“Beverly, what’s wrong with us? We fight all the time.” She hesitated for just a second...a mistake.
He slapped her hard on the side of the head and knocked her off of her perch astride his stomach. Dominic got to his knees, a sneering grin on his face.
She crawled away from him to get some time to take inventory of the bells ringing in her head.
"What do you say, Beverly? Wanna stop this fighting and make a little love?"
“We've never made love, you pazzo. I wanted to when we were first together, but you just wanted a piece of ass.”
Dominic stood up and winced as he tested the damage to his right eye. It was going to be swollen shut soon. He looked at his wife of twelve years sitting on the floor.
“Beverly, you’ve ruined our marriage," he said, pointing his finger at her. "It's all your fault, all of it.”
“This was never a marriage," she hissed at him, rubbing her ear, checking for blood. "It’s never been anything but a serial rape.”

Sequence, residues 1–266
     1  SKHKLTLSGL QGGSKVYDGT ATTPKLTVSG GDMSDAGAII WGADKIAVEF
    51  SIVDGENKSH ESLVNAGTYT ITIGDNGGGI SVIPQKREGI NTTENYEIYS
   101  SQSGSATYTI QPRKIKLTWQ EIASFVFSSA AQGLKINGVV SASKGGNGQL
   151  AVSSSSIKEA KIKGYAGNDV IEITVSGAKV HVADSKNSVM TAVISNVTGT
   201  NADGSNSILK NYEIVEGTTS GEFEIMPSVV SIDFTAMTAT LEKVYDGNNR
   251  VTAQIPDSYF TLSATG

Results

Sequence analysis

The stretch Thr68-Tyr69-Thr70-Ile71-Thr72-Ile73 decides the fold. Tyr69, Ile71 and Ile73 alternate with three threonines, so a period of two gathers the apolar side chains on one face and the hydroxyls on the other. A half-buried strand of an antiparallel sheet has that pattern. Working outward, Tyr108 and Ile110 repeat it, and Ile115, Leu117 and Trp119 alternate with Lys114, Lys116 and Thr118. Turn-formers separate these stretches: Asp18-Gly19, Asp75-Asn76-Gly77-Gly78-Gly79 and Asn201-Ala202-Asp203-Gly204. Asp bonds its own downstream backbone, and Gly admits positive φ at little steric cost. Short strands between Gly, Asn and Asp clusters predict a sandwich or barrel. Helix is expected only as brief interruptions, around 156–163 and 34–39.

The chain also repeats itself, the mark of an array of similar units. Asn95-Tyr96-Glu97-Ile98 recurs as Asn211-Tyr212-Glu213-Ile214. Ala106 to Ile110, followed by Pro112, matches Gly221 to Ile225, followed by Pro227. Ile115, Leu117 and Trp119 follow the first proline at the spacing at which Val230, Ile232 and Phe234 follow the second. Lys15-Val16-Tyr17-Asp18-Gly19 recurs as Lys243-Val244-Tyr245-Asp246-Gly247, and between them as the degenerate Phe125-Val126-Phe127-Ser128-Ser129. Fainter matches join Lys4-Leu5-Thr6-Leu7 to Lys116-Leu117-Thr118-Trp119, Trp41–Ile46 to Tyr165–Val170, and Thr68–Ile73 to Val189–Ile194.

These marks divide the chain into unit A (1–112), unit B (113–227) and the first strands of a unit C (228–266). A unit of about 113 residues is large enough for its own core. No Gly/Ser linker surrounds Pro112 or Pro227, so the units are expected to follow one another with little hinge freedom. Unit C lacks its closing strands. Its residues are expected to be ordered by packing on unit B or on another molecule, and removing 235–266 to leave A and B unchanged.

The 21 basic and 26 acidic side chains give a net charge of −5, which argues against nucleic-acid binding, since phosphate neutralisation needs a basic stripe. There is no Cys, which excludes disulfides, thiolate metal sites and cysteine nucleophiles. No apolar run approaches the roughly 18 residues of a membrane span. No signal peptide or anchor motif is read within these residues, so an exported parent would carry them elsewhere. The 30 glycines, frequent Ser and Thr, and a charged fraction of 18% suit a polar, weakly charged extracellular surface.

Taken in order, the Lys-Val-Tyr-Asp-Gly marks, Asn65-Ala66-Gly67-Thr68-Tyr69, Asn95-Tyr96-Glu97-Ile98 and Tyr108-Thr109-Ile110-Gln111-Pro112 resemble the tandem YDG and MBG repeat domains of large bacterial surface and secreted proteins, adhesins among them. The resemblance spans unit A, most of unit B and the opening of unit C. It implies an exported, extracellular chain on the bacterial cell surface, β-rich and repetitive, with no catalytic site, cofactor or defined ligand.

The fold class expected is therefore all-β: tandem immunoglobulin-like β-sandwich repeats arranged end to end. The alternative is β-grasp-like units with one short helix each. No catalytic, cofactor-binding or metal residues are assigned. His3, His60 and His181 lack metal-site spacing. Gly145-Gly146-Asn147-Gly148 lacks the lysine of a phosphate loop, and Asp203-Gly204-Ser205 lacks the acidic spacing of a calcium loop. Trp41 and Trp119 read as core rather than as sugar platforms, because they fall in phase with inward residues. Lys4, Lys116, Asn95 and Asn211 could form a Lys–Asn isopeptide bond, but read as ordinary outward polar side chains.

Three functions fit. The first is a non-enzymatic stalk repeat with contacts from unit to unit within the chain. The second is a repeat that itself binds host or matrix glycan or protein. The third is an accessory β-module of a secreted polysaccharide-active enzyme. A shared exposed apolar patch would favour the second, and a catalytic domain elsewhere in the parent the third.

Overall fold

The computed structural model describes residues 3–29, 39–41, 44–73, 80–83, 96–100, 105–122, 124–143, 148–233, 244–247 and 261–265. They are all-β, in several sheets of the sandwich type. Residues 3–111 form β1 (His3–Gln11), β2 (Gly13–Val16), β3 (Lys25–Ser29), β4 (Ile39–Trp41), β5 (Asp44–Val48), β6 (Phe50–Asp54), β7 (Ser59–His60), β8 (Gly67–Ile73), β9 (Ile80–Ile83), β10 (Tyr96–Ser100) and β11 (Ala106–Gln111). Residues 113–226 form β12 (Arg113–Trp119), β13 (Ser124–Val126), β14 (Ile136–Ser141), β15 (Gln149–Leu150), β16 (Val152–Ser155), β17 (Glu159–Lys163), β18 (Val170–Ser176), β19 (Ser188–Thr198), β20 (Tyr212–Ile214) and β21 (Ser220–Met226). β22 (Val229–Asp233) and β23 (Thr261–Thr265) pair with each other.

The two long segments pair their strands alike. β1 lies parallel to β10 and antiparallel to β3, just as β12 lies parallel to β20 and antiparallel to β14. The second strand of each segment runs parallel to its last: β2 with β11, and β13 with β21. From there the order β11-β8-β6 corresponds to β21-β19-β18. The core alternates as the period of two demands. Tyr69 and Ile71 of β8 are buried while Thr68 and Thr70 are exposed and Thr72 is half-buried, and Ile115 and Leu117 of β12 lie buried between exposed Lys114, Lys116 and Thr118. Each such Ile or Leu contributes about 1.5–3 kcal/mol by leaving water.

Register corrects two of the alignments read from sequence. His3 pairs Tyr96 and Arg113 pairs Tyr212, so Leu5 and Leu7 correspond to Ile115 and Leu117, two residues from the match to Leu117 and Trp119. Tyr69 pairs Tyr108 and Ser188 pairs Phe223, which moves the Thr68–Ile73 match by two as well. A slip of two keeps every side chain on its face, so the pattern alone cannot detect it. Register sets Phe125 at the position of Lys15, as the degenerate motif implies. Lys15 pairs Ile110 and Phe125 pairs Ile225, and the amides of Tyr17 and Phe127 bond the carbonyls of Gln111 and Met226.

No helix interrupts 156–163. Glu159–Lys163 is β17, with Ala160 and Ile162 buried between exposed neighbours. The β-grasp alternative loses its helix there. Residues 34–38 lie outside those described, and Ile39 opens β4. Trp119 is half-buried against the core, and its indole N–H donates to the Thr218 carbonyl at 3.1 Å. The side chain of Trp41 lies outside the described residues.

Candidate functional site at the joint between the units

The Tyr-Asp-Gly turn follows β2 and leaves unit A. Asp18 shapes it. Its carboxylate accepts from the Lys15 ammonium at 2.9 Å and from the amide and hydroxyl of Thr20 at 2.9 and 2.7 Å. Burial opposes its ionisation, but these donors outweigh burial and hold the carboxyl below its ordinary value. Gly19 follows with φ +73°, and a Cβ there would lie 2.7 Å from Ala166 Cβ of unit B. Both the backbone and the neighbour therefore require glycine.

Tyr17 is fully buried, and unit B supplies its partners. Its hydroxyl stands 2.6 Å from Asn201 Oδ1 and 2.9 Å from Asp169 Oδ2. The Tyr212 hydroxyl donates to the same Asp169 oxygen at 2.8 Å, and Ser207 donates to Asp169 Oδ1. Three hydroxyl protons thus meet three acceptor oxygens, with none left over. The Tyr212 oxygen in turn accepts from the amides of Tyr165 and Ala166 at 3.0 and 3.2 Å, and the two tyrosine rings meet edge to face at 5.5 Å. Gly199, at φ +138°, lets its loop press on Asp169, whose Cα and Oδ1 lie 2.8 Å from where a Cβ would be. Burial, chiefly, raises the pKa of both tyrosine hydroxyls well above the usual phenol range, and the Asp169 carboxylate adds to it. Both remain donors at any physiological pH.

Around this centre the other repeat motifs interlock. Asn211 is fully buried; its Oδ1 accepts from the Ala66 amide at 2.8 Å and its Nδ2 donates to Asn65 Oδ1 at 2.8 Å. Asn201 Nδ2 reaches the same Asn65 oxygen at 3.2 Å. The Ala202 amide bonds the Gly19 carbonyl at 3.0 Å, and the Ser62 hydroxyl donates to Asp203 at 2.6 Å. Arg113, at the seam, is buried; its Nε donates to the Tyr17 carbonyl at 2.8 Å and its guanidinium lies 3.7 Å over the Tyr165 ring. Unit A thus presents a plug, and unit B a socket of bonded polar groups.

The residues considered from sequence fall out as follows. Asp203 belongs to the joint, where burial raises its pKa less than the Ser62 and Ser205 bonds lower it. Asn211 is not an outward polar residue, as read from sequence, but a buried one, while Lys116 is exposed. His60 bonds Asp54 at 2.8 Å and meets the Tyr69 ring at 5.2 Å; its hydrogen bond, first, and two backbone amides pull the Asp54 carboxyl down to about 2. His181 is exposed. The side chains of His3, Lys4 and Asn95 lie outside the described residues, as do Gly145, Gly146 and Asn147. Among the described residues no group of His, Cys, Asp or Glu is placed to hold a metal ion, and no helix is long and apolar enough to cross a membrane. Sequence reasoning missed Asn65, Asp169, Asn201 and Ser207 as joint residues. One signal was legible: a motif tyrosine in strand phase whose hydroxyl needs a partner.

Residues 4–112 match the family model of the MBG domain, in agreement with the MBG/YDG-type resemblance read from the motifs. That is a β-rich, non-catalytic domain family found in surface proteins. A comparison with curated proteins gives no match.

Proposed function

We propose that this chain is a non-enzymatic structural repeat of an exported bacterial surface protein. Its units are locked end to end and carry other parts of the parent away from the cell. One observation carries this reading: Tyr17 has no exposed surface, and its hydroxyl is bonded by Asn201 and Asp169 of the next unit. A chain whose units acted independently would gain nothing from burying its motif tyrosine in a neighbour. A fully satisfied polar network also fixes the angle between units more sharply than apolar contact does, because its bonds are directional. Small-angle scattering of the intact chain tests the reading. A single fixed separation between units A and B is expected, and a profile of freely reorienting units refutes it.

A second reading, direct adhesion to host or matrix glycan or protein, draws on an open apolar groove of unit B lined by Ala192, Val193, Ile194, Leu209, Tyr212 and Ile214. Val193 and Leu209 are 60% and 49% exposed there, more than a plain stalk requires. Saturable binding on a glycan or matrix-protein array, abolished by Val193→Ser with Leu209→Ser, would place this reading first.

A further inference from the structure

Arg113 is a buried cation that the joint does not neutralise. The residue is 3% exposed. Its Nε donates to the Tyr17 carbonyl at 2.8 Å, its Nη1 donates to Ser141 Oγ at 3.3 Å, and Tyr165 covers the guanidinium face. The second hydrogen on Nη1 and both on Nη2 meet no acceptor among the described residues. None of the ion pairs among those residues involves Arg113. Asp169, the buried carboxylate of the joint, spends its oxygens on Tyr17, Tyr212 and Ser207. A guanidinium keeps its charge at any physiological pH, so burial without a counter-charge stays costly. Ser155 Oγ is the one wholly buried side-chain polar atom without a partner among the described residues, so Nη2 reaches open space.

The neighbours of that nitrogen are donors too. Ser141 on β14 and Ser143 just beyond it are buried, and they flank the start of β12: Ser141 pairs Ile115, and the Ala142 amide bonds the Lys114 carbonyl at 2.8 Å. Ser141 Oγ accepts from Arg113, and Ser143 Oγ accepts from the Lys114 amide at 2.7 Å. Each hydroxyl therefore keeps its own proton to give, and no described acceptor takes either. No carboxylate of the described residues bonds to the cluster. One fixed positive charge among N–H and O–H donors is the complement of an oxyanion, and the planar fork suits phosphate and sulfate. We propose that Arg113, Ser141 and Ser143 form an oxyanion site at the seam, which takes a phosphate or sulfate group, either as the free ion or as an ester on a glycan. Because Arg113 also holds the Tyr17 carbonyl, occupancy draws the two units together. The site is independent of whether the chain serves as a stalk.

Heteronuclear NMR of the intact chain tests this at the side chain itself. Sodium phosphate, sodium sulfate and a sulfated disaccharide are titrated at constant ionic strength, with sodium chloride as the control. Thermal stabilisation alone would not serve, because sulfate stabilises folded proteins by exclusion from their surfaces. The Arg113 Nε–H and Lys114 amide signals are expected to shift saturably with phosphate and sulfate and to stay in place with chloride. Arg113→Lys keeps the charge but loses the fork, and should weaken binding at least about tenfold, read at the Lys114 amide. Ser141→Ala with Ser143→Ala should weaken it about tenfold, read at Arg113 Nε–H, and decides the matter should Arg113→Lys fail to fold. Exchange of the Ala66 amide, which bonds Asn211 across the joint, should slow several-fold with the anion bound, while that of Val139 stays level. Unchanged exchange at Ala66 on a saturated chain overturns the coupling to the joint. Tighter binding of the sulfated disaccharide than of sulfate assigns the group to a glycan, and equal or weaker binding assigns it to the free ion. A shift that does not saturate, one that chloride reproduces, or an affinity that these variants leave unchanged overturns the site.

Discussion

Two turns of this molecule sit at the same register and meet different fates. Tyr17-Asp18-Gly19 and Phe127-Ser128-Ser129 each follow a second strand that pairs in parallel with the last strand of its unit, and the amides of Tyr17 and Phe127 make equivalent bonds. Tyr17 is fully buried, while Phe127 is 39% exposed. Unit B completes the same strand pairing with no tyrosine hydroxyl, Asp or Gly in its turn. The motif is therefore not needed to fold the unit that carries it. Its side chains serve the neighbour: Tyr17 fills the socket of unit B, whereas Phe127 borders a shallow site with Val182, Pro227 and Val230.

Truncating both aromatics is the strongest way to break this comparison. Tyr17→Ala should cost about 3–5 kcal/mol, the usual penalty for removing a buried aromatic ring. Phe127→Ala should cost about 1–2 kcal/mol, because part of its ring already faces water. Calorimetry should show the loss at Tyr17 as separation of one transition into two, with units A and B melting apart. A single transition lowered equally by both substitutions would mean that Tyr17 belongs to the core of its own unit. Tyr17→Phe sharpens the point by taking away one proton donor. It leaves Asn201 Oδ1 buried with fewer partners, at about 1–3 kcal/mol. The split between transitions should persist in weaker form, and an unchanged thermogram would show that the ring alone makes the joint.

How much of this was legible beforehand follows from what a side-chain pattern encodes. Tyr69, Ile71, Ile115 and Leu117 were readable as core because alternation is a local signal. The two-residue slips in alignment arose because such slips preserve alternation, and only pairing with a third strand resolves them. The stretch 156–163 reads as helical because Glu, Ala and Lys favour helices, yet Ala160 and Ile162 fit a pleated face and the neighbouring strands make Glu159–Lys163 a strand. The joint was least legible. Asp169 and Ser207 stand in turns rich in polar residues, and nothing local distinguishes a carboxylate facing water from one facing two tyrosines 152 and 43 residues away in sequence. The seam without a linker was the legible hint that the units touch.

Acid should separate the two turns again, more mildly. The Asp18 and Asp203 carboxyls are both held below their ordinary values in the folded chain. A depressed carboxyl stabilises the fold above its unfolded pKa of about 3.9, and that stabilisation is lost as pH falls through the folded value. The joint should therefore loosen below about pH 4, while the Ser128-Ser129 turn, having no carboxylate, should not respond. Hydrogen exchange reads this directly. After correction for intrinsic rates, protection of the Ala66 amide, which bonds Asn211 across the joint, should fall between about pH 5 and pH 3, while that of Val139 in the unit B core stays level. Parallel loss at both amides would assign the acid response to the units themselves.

“Bev, I've always wanted us to make babies, to be one happy family.”
“What? Aren’t you listening, Dominic? I will never have your baby. Never. I’ll have an abortion first.” She got to her feet, still a bit unsteady.
“Stop that, Beverly," he said, his eyes wide. He was genuinely appalled. "It’s a sin to even talk like that.”
“Hell, I’d do it myself, with a coat hanger. The world doesn’t deserve another you slithering around," she said with a dismissive wave.
She knew how to hurt him worse than any punch she could ever throw.
“I’ve done it before, Dominic, and I’d do it again. I’ve already killed two of your babies.” She could see that she had hit a nerve.
“What?” His eyes grew even wider.
She smiled, seeing him in some real pain.